PROS:
  • Easy to learn.
  • Better control.
  • Operates at lower temperatures.
  • Better for thinner material.
  • No oxidation at lower temperatures.
  • No need to use nitrogen to purge pipework.
CONS:
  • Limited uses.
  • Not effective with large scale projects.
  • Doesn’t work with thicker material.
  • Welding and brazing are stronger.

Brazing

Brazing is the same method as soldering and involves the same materials and principles. Where it differs is in the temperatures required to melt the solder. Unlike soldering, the filler metal in brazing melts above 840 degrees Fahrenheit, meaning that the increased heat creates a stronger seal.

Brazing is a bit like industrial-strength soldering and is more effective when used with thicker copper. You can minimize the risk of oxidizing the copper by running a mix of neutral nitrogen through the pipework while you are brazing. This removes any oxygen.

Brazing is also better for bridging larger gaps compared to soldering and welding.

PROS:
  • Creates a stronger joint.
  • Uses a higher temperature.
  • Has industrial applications.
  • Greater control than welding.
  • Neater.
  • Bridge larger gaps.
CONS:
  • Not as strong as welding.
  • Has limited uses.
  • Slow process.
  • Expensive materials.
  • Requires increased heat.
  • Higher temperatures risk weakening the copper structure.

Welding

Welding melts the base metal as well as a filler material to create robust joints. Because of the extreme heat involved, welding is the best way to ensure the strongest tensile joint. The cost of materials increases with each method, making welding the most expensive option.

The two most common welding styles for copper are MIG and TIG. MIG welding is easier to master, but less precise. It also limits you on the thickness of the copper you can work with. TIG welding is more accurate and penetrates deeper for thicker material, but it is infinitely harder to master. It requires two hands, so the welder machine is typically controlled using a foot pedal.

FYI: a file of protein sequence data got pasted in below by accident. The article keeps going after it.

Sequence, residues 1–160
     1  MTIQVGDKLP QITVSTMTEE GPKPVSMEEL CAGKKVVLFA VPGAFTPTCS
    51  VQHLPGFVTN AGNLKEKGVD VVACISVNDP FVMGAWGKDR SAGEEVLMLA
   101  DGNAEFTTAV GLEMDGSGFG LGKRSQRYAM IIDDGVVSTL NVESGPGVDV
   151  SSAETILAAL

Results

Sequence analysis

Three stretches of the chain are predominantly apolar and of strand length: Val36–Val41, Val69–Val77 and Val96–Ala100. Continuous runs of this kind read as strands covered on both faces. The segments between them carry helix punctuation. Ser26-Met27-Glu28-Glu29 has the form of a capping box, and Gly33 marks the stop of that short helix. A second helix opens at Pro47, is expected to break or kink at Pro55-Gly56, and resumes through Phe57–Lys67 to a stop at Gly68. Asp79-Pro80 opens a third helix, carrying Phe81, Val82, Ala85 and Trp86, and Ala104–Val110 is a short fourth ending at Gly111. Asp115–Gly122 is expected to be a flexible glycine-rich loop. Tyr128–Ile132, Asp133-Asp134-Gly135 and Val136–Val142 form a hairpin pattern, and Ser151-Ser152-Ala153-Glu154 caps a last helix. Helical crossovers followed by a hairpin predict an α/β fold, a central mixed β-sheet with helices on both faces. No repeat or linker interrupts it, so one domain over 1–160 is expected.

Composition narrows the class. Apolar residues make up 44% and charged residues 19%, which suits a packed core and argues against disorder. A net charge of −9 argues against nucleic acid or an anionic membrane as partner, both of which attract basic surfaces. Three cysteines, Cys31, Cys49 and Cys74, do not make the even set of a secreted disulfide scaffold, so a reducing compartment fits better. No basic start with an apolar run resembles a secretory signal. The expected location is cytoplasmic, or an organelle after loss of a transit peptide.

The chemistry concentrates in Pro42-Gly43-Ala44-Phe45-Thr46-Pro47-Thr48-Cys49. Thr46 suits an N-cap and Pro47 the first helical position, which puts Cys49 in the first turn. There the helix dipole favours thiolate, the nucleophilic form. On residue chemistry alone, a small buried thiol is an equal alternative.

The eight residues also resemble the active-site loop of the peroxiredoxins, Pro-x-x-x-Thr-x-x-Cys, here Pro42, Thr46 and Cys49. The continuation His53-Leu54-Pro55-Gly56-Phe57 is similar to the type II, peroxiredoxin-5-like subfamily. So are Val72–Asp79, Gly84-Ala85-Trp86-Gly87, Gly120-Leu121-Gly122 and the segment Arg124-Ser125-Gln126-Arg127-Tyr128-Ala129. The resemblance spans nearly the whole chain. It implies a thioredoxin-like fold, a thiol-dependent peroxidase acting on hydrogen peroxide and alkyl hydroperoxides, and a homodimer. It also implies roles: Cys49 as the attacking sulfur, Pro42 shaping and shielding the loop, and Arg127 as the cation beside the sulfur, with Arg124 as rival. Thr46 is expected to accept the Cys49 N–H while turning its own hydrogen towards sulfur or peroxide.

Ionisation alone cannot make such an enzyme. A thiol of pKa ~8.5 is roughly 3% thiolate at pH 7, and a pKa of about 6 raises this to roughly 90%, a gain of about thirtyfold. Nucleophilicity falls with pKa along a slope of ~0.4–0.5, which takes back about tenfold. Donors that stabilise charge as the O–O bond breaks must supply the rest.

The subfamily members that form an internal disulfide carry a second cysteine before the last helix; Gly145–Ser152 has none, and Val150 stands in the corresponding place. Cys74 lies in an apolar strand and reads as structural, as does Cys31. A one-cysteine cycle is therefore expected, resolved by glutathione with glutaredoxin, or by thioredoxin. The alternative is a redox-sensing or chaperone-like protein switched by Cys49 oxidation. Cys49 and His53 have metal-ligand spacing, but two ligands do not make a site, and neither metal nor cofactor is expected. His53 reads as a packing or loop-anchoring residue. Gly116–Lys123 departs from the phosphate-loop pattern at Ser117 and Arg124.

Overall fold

Welding is the most industrial form of joining copper pieces and best reserved for the thickest material where a high tensile weld is most needed. You wouldn’t want to use a welder to repair a HVAC or refrigeration unit due to the delicate nature of the mechanics and the extreme heat involved with the process.

Also, welding is the most dangerous to undertake, requiring expensive specialist equipment to protect you from harm.

PROS:
  • Creates the strongest joint.
  • Ideal for larger projects.
  • Fast and efficient.
  • Better for bulk welding work.
  • Penetrates deeper for thicker material.
CONS:
  • Expensive.
  • TIG welding is hard to master.
  • Not recommended for HVAC and refrigeration.
  • Requires protective equipment.
  • Dangerous.

How To TIG Weld Copper

Follow our simple step-by-step guide to TIG welding copper.

1. Take Precautions

Whenever you undertake a dangerous pursuit, you should always protect yourself. What you need is the following:

This is not a wish list of protective items. It should be the number one priority and the first thing you should think about before welding. It’s the reason we made it the first point in our guide.

2. Work in a Ventilated Area

Wherever possible, you should work in a ventilated area. If you struggle to do this, you should take precautions and wear an N95 face mask. These differ from ordinary face masks because they remove 95 percent of all pollutants, which means you protect your lungs.

Brass has a high zinc content, so avoid it where possible. Zinc fumes are noxious and can give you flu-like symptoms. At best, the effects pass, but prolonged exposure could lead to permanent health issues.

3. Electricity Kills

Avoid electric shocks. It kills lots of people every year and is entirely avoidable. Make sure you wear insulated boots and inspect your gloves to make sure they have no holes. Welding equipment should be adequately grounded and never left switched on. Always disconnect the power when the welder is off to avoid accidents.

Also, make sure that the conditions are dry. Welding in damp conditions can be deadly.

4. Choose the Right Copper

Try and choose copper that is clean and unpainted. Paint and other surfaces can produce poisonous fumes, especially if the paint is lead-based. If you must do this, always wear a respirator.

The best course of action is to clean the copper as best you can. Try and choose oxygen-free copper. It helps to protect the copper from oxidation, and it will keep its color after welding. The good news is that oxygen-free copper is the most commonly available.

5. Avoid Alloys

Alloys can be welded, but they react differently depending on their ingredients. Only experienced welders should weld with copper alloys. Zinc-based copper alloys reduce weldability and also boil at lower temperatures, producing toxic gasses that can cause long-term health defects.

6. Get the Ratios Right